World Library  
Flag as Inappropriate
Email this Article
 

John Adams (book)

John Adams
The Cover of John Adams
Author David McCullough
Country United States
Language English
Subject History/U.S. History/American Revolution
Genre Non-fiction
Publisher Simon & Schuster
Publication date
May 22, 2001
Pages 751 pages
ISBN 978-1-4165-7588-7 (paperback) 0684813637 (hardcover)
OCLC 191069913
Preceded by Truman
Followed by 1776

John Adams is a 2001 biography of the Founding Father and second U.S. President, John Adams, written by the popular American historian David McCullough, which won the 2002 Pulitzer Prize for Biography or Autobiography. It has been made into a TV miniseries with the same name by HBO Films. Since the TV miniseries debuted, an alternative cover has been added to the book showing Paul Giamatti as John Adams. The book is available as both hardcover and paperback.

Contents

  • Production 1
  • Praise 2
  • Criticism 3
  • Awards 4
  • Controversy 5
  • References 6
  • External links 7

Production

"The problem with Adams is that most Americans know nothing about him." - David McCullough[1]

Although the book was originally intended to be a dual biography of Adams and Jefferson, McCullough was increasingly drawn to Adams and away from Jefferson.[2] The author spent six years studying Adams, reading the same books he had read and visiting the places he had lived.[2]

Perhaps the greatest treasure trove was the enormous amount of correspondence between John Adams and his wife, Abigail Adams, a marriage McCullough calls "one of the great love stories of American history."[3] Also invaluable was his long correspondence with his successor as President, Thomas Jefferson, which McCullough calls "one of the most extraordinary correspondences in the English language."[3]

Praise

  • Walter Isaacson for Time "America's most beloved biographer, David McCullough, has plucked Adams from the historical haze...and produced another masterwork of storytelling that blends colorful narrative with sweeping insights."[4]
  • Booklist "[A] wonderfully stirring biography; to read it is to feel as if you are witnessing the birth of a country firsthand."[5]
  • Library Journal "This life of Adams is an extraordinary portrait of an extraordinary man....This excellent biography deserves a wide audience."[5]
  • Kirkus Reviews "Despite the whopping length, there's not a wasted word in this superb, swiftly moving narrative, which brings new and overdue honor to a Founding Father."[5]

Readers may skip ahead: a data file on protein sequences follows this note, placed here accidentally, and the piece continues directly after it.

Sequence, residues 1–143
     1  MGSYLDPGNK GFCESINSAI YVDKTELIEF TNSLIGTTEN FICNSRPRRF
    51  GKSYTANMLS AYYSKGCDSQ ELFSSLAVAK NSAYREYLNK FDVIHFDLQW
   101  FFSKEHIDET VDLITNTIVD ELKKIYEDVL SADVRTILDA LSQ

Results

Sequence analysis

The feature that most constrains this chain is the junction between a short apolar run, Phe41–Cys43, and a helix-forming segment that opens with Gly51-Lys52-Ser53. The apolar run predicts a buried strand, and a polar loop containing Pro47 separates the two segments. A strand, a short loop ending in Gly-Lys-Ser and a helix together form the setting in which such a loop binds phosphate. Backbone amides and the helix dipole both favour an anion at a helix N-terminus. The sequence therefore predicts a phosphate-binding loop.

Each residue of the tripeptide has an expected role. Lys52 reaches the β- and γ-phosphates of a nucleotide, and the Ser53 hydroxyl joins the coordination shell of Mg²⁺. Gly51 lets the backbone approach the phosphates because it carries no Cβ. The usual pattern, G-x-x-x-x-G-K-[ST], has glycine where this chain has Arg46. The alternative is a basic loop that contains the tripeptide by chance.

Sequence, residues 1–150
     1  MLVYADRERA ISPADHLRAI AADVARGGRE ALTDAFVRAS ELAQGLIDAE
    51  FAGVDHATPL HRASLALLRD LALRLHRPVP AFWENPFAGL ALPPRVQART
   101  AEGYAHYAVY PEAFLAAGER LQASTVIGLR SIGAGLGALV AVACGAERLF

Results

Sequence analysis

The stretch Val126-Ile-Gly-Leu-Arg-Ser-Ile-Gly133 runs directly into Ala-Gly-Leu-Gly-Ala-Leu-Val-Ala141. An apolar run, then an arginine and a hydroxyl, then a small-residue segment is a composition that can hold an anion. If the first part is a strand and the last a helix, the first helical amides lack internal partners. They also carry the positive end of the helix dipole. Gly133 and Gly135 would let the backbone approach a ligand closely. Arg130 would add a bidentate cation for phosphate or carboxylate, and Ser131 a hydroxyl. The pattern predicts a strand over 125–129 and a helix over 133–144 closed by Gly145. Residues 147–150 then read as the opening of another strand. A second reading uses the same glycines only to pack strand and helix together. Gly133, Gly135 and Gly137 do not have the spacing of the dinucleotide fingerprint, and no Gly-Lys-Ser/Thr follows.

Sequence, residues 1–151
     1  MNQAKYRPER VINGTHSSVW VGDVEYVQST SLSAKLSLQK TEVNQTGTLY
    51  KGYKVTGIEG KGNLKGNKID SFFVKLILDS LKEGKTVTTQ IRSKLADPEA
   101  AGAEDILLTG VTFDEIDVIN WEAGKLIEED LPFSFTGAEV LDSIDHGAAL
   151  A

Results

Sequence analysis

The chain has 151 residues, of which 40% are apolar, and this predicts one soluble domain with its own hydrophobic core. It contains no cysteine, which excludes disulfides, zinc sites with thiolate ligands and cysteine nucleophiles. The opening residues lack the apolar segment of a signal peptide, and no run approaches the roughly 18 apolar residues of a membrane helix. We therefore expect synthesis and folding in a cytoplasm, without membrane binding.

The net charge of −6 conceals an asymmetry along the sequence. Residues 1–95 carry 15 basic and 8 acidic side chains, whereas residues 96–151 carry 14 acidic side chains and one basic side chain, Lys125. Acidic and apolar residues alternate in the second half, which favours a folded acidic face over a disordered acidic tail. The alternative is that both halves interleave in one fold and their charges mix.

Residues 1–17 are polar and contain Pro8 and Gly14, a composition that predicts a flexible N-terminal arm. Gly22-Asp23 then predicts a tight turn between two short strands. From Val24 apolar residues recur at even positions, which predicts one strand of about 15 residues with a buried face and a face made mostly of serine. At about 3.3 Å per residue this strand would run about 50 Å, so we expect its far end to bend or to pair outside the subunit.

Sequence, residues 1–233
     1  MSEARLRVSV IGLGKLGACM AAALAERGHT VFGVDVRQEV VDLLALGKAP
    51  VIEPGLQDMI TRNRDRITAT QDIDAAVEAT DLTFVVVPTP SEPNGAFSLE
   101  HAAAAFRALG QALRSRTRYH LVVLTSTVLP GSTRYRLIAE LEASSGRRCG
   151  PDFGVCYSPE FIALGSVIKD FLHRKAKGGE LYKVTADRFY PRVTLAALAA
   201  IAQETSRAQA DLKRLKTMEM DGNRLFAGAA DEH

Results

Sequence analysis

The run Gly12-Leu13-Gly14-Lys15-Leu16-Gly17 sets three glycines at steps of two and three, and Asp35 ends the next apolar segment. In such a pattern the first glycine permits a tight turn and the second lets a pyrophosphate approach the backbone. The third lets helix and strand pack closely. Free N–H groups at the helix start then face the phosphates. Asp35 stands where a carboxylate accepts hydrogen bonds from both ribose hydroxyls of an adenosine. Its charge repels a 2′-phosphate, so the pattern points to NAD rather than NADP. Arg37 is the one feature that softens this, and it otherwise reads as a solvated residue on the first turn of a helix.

• The New Yorker "David McCullough's portrait may not quite give us the battered titan in all his raw, sulfurous asperity, but his vivid storytelling will surely persuade a generation to look again at this obstinate, brave, and most deeply philosophical of American patriarchs."[6]
  • Publishers Weekly "Here a preeminent master of narrative history takes on the most fascinating of our founders to create a benchmark for all Adams biographers."[7]
  • Book Reporter "Lavish and abundant in documentation, readers will be delighted with the fascinating, colorful narrative in John Adams."[8]
  • New York Times "...a lucid and compelling work."[9]
  • The New York Review of Books "This big but extremely readable book is by far the best biography of Adams ever written."[10]

Criticism

  • The New Republic "McCullough barely mentions Adams's political writings; and what he has to say about the two major works consists of brief quotations surrounded by utterly conventional plot summary and commentary."[11]
  • Claremont Institute "Oddly, McCullough has almost nothing to say about Adams's political thought."[12]

Awards

Controversy

In 2009, McCullough acknowledged that he misquoted Thomas Jefferson in John Adams. He was criticized in a Harper's Magazine review of the book, which claimed that McCullough had mistakenly attributed Jefferson as having referred to the second president as a "colossus of independence." Upon being confronted about the accusation, McCullough admitted that he had, in fact, "erred."

"It's hard work; you're trying to get the truth about distant times," he told The Associated Press. "When you make the mistakes, it's very painful, but you will make mistakes. We're imperfect, in an imperfect world."[14]

References

  1. ^
  2. ^ a b
  3. ^ a b
  4. ^
  5. ^ a b c
  6. ^
  7. ^
  8. ^
  9. ^
  10. ^
  11. ^
  12. ^
  13. ^
  14. ^

External links

  • Official website
This article was sourced from Creative Commons Attribution-ShareAlike License; additional terms may apply. World Heritage Encyclopedia content is assembled from numerous content providers, Open Access Publishing, and in compliance with The Fair Access to Science and Technology Research Act (FASTR), Wikimedia Foundation, Inc., Public Library of Science, The Encyclopedia of Life, Open Book Publishers (OBP), PubMed, U.S. National Library of Medicine, National Center for Biotechnology Information, U.S. National Library of Medicine, National Institutes of Health (NIH), U.S. Department of Health & Human Services, and USA.gov, which sources content from all federal, state, local, tribal, and territorial government publication portals (.gov, .mil, .edu). Funding for USA.gov and content contributors is made possible from the U.S. Congress, E-Government Act of 2002.
 
Crowd sourced content that is contributed to World Heritage Encyclopedia is peer reviewed and edited by our editorial staff to ensure quality scholarly research articles.
 
By using this site, you agree to the Terms of Use and Privacy Policy. World Heritage Encyclopedia™ is a registered trademark of the World Public Library Association, a non-profit organization.
 


Copyright © World Library Foundation. All rights reserved. eBooks from Project Gutenberg are sponsored by the World Library Foundation,
a 501c(4) Member's Support Non-Profit Organization, and is NOT affiliated with any governmental agency or department.